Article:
In the footsteps of Gengis Khan
The Transmongolian train runs in green grasslands until the first ger appear from the windows and you arrive at the Ulaan Baatar station.
I get off the train for a break of a few days to discover this little beaten nation where nature, tranquility and silence are the boss.
I leave my luggage at the hotel and go to the central Sukhbaatar Square where I was greeted by a storm of sand and dust.
I then go to the Natural History Museum especially to see the dinosaurs.
After so many interesting rooms of fossils etc., finally arrive the waiting room but with disappointment I discover that right here it is forbidden to take pictures and the person strictly controls.
But I paid for pictures so I make a video from which I then extract the frames.
I leave the museum to go to the nearby monastery but soon it starts to rain and the crumbling streets do not help.
They immediately become torrents and motorists do not care about walker.
I do not find the monastery quickly and prefer to enter the sheltered market to eat something and do some shopping.
For less than 3 euros I fill some envelopes.
Walking away from the centera lot of people stop me amazed by the presence of a traveler in Ulaan Baatar.
Not many foreigners come here and everyone wants to talk to me.
It seems to be in an ancient oriental country of the 1200s where most of the population has only seen the “western consumer items” in a market so they are satisfied and happy.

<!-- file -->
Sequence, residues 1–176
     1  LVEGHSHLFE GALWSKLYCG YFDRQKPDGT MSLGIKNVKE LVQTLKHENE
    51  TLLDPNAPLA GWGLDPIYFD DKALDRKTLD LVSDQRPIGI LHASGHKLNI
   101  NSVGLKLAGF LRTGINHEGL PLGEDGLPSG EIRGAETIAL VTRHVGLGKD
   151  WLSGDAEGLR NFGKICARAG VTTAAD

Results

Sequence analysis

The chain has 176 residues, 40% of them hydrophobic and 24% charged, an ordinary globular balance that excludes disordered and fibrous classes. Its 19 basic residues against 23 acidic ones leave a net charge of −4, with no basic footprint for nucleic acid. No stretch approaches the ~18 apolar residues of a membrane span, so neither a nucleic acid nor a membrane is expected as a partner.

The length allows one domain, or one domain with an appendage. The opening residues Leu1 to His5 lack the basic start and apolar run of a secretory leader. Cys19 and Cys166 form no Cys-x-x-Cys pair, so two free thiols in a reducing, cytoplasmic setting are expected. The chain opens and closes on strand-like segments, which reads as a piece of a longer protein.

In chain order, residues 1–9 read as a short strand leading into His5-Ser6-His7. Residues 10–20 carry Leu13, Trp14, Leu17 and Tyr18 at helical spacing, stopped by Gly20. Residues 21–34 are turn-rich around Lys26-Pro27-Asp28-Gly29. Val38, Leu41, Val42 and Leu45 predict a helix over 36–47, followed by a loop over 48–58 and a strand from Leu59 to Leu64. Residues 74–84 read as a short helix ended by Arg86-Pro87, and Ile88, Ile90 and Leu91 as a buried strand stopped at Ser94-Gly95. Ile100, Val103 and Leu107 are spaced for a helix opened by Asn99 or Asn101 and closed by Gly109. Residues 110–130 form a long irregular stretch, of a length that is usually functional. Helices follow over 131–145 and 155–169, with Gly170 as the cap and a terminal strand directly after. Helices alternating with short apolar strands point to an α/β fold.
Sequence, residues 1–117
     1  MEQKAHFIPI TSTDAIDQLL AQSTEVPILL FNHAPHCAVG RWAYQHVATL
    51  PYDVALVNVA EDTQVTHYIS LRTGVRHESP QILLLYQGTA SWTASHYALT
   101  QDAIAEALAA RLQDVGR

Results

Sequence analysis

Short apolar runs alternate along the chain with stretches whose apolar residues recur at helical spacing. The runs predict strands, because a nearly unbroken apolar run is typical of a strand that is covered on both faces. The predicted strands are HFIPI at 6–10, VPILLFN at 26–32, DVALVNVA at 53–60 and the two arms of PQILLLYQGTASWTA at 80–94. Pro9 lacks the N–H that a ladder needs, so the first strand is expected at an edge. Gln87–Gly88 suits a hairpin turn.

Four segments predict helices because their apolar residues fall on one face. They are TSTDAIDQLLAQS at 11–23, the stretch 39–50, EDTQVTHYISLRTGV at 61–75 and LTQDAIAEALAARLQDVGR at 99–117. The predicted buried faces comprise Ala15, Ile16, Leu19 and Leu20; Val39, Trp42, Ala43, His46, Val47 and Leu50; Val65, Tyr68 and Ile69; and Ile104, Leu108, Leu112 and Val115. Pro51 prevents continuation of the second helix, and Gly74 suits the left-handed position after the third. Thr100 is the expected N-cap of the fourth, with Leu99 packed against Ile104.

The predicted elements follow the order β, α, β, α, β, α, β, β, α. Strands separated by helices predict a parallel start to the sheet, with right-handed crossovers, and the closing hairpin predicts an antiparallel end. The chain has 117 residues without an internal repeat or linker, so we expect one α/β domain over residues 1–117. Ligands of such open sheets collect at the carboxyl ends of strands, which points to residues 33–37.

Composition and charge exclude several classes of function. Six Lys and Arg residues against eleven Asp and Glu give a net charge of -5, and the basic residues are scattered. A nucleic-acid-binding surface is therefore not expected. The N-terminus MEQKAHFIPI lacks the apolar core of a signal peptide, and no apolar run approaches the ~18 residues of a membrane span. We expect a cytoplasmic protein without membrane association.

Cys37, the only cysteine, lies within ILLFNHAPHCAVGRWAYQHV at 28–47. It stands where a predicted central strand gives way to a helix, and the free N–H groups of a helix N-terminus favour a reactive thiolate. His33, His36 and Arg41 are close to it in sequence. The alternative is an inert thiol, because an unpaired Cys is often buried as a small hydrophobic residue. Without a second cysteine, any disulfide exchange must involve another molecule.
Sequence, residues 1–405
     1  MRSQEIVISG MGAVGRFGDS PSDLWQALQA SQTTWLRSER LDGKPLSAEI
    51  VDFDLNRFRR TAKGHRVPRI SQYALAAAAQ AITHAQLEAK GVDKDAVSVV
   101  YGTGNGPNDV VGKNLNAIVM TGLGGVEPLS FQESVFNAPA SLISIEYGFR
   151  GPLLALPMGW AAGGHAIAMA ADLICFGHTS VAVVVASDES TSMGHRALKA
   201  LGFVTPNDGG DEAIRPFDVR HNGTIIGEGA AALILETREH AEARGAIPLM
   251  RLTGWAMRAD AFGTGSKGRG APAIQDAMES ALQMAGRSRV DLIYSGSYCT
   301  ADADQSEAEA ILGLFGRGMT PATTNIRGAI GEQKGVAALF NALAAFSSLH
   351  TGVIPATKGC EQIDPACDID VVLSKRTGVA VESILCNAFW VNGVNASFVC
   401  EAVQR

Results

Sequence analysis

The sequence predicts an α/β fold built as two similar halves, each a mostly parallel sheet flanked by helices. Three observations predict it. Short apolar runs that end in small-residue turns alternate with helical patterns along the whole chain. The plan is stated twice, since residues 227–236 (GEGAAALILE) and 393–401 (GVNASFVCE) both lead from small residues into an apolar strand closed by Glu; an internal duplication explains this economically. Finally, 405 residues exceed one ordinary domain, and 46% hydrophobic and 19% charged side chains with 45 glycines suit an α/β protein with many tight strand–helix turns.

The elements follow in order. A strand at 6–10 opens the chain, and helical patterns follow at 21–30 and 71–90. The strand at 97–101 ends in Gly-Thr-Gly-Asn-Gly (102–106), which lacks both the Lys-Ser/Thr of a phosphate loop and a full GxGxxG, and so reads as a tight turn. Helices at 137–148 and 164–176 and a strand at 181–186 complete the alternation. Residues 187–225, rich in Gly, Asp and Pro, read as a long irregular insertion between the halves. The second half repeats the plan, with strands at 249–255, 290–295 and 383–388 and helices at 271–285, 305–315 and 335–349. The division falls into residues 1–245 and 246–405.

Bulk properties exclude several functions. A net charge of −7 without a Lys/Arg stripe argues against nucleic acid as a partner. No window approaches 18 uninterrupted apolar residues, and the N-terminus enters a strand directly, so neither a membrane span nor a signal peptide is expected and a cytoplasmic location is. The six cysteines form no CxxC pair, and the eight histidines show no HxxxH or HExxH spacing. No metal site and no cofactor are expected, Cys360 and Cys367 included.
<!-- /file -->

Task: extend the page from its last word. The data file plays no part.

It’s nice to disconnect from the world we’re used to and stay here for a few days.
I think the real Mongolia is away from Ulaan Baatar.
A few hours away by car are enough to show a practically uninhabited Mongolia. Just think that Mongolia is big as Portugal, Spain, France, Switzerland, Austria and Italy put together and doesn’t reach 3 million inhabitants (of which about 40% lives in Ulaan Baatar ).
After a few days spent in Ulaan Baatar and in the solitude of the steppe, the taxi took me to the station after a wrong journey to the airport (it seemed absurd to the taxi driver that I travel by rail).
The train leaves the capital and among the wooden “houses” you can see lots of ger.
The Mongols do not lose the nomad culture and tradition, even if they live in the city.